Posted: Saturday July 9, 2005 3:58PM; Updated: Sunday July 10, 2005 2:29PM
Oliver Hudson and Brad Garrett (pictured) suffered the same fate: knocked out on the first day.
Ethan Miller/Getty Images
It has always been such, but it must be especially cool to have been Goldie Hawn this past Friday.
Your daughter, Kate Hudson, 26, is off reprising the Band Aide role she played so well (receiving an Oscar nomination) in Almost Famous, but now in real life: her husband, Chris Robinson, and his band, The Black Crowes, are currently touring with Tom Petty and the Heartbreakers.
Meanwhile your son, Oliver Hudson, 29, is about to play in the main event at the 36th annual World Series of Poker.
By the way, Oliver and Kate are the children of Goldie and musician Bill Hudson. For about ten years, I've found that the Hudson Brothers reference gets me nowhere.
Am I the only person who remembers the Hudson Brothers' Razzle Dazzle Show? (Crickets chirping).
Sigmund and the Sea Monsters, anyone? Anyone? H.R. Pufnstuf? Hello?
Poor Oliver. You're Goldie's son and you know the cameras are going to find you on Day 1B of the WSOP. So what happens? On the very first hand, just shortly after 11 a.m., you get knocked out. It was like watching the 1986 Mike Tyson-Marvis Frazier bout all over again.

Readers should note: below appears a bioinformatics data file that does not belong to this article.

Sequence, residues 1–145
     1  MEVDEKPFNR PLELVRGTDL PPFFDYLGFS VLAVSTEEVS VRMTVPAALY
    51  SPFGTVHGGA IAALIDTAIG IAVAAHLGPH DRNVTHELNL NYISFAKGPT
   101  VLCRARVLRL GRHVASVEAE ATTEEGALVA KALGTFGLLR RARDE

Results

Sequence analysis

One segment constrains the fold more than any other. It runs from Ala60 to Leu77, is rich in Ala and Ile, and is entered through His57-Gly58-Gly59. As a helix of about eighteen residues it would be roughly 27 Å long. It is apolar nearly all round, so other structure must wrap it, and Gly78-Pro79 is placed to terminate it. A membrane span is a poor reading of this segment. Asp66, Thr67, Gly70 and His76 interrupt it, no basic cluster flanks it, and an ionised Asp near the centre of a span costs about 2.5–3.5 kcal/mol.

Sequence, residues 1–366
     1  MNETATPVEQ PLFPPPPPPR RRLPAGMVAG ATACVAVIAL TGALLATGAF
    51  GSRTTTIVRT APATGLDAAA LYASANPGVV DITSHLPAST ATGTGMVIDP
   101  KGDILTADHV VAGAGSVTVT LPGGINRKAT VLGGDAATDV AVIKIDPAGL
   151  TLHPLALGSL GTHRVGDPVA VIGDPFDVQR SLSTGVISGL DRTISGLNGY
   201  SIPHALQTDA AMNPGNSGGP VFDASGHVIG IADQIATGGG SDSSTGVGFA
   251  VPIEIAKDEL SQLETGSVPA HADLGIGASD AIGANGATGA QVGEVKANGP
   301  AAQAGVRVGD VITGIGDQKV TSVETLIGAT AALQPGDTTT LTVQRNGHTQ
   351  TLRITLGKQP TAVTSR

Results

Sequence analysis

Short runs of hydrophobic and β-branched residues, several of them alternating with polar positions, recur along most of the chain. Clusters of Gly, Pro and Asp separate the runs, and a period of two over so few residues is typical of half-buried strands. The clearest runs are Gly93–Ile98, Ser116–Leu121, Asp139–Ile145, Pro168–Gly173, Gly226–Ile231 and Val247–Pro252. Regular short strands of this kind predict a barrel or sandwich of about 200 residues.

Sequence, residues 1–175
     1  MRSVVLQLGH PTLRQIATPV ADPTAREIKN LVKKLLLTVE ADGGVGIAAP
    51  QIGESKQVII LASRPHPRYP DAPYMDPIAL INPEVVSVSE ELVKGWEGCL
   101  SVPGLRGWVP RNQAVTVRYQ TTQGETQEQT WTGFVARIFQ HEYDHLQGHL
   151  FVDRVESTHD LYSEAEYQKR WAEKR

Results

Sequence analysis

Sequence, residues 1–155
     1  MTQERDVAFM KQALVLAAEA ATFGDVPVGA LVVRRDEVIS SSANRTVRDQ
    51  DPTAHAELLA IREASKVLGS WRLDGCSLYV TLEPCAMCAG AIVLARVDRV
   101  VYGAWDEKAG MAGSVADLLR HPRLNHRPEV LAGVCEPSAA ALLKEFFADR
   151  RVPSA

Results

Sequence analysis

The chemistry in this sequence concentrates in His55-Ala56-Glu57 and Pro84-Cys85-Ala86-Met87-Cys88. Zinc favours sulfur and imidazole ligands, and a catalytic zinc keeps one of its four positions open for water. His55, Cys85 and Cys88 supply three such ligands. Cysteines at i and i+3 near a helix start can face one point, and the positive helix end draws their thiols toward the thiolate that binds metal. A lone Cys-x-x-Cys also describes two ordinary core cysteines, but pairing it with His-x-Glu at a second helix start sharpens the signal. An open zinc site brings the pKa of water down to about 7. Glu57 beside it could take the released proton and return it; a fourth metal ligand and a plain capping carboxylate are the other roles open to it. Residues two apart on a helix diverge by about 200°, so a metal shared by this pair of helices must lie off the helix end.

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The worst hand in poker is the second-best hand -- and that's exactly what Hudson had.
Hudson, according to a friend who was there at the ungodly Vegas hour of 'before noon', was pulled into a heads-up, all-in confrontation versus noted pro Sam Farha (it was Farha who, two years earlier, was bluffed out of a potential WSOP bracelet by then-unknown Chris Moneymaker in the 2003 main event; Farha finished second). Hudson had a good hand: full house, tens full of aces. Farha had a better hand: full house, aces full of tens.
To be fair, I have my own embarrassing story involving Goldie, and in an act of compassion toward her son, I'll share it.
Five years ago, I attended a convention on sports and the Internet in Santa Monica. Goldie was there. I screwed up the nerve to approach her and ask why, but I got tongue-tied.
"This is John Walters," I said, extending my hand, "from Sports Illustrated." (followed by the inner voice saying, "You idiot!" and the Farley-esque hand slap to the forehead).
Goldie was gracious. Barely even acknowledged the doofus comment, except to give me a smile that said, "Don't worry, it happens all the time."
Final Goldie reference: SI's Adam Duerson, writing in SI On Campus two years ago, described Dallas weather in early January as being not unlike Goldie: "Could be 35; could be 60."